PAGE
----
June 23, 2008

  • US District Court Will Decide on Bush Staff Subpoena
  • Zimbabwe’s Main Opposition Leader Seeks Refuge in Dutch Embassy
  • Gaza and Israel’s Tense Truce
  • West Bank Settlement Update
  • Farm Bill Aid May Not Reach California Fishers
  • Remembering George Carlin
  • Don White, Presente!

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Supreme Court Paves Way for Border Fence

As the Supreme Court nears the end of its current term – the Court handed down decisions today and announced cases it will consider in the next term. The Justices ruled that an indigent defendant’s right to a lawyer begins when he is brought before a judge, informed why he has been arrested and jailed. The Court has agreed to decide whether poor death row inmates have a right to lawyers paid for by federal taxpayers. They also will consider the potential harm to marine mammals posed by the Navy’s use of sonar and will take up the matter of maternity leave with respect to pensions. And by rejecting a matter brought by Defenders of Wildlife and the Sierra Club, the High Court also paved the way today for continued construction of a fence along the US-Mexican border. Karen Miller reports from Washington DC.

The groups challenged the power the Republican-led Congress gave US Homeland Security Secretary Michael Chertoff back in 2005 to bypass environmental and other laws to build a fence the government claims would stop the flow of undocumented workers in to the country. Since April, Chertoff has issued waivers for some 30 laws and regulations on various projects in California, Arizona, New Mexico and Texas. The courts refusal to hear the matter effectively upholds the unprecedented move of allowing an appointed cabinet-level official to waive federal laws in order to complete a government project. The two environmental groups say that Chertoff’s waivers represent an unconstitutional repeal of federal laws. The Supreme Court denied the environmental groups appeal without comment.

Appeals Court Rejects “Enemy Combatant” Status of Detainee

A federal appeals court today has overturned the Pentagon’s classification of a Guantanamo detainee as an enemy combatant. A three judge-panel of the U.S. Court of Appeals for the District of Columbia Circuit said Huzaifa is not an enemy combatant, undermining the basis for his more than six years in detention. The court rejected the Bush Administration’s argument that the president has the power to detain people who never took up arms against the U.S.

MEND Declares Ceasefire in the Niger Delta

The largest armed group in Nigeria’s Niger Delta region has announced a unilateral ceasefire. Sam Olukoya reports from Lagos.

The armed group, the Movement for the Emancipation of the Niger Delta, MEND, says the ceasefire will come into effect at midnight tomorrow and will be in place until further notice. The group said the ceasefire is in response to an appeal by leaders in the Niger Delta to give peace and dialogue another chance. The ceasefire declaration comes just as the Nigerian government deployed warships to protect oil installations in the Niger Delta region. The warships were dispatched in response to last week’s attack on Nigeria’s largest off shore oil platform. MEND claimed responsibility for the attack and threatened to carry out further attacks on oil facilities in the region. The group will only return to the Niger Delta until its demands are met. Armed groups like MEND have forced Nigeria to cut its oil exports by about a quarter in the last two years. The groups want local communities to have a share of oil proceeds which runs into billions of dollars yearly. For Free Speech Radio News, this is Sam Olukoya in Lagos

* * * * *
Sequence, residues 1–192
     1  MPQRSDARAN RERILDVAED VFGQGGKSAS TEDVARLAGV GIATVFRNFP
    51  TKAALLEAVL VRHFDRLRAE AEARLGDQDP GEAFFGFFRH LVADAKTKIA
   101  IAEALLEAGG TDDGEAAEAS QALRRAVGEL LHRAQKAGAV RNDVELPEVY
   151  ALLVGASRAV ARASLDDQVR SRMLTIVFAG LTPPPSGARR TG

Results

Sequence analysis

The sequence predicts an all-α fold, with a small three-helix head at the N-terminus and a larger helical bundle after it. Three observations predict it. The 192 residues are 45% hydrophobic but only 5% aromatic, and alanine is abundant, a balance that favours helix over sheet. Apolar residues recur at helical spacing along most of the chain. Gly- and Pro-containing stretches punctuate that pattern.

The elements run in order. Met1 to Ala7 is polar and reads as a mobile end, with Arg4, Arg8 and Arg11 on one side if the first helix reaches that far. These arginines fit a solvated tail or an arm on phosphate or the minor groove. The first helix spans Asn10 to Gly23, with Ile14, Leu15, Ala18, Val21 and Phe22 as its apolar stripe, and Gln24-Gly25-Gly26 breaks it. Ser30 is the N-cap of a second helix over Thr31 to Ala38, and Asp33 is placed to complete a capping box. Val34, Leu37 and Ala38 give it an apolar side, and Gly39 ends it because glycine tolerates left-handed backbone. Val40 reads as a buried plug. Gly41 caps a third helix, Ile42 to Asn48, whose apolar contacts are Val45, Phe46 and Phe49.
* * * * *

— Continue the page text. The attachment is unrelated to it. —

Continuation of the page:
Music Teacher A “Domestic Terrorist”

A music teacher accused of arson has been classified as a “domestic terrorist” — thereby substantially increasing her sentence. Mark Taylor Canfield has more from Seattle.

In 2001 the Center for Urban Horticulture at the University of Washington in Seattle was destroyed by an arson fire. No one was injured, but it cost the University of Washington $6.2 million to rebuild the facility. The government claims that a 32 year-old violin teacher from Seattle, Briana Waters, assisted in planning the crime, and served as a lookout for the group responsible for setting the fire. She was charged with two counts of arson. Federal prosecutors blame the group “Earth Liberation Front”, who they say targeted the building because the group believed that a genetic engineering research lab was located there. Five people have been charged with participating in the crime. The US government asked the judge in the case to designate Briana Waters as a “terrorist” when considering her sentence. Water’s attorney, Neil Fox told U.S. District Judge Franklin Burgess that the government’s use of the word “terrorist” has been manipulated by politicians seeking to advance their own personal agendas. Waters has maintained her innocence throughout the trial. In her testimony she told the court, “I am not a terrorist. I don’t agree with property destruction or violence.” The judge has now sided with the government, ruling that Waters is a domestic terrorist. She is being sentenced to six years in a US federal prison. This is Mark Taylor-Canfield in Seattle for Free Speech Radio News.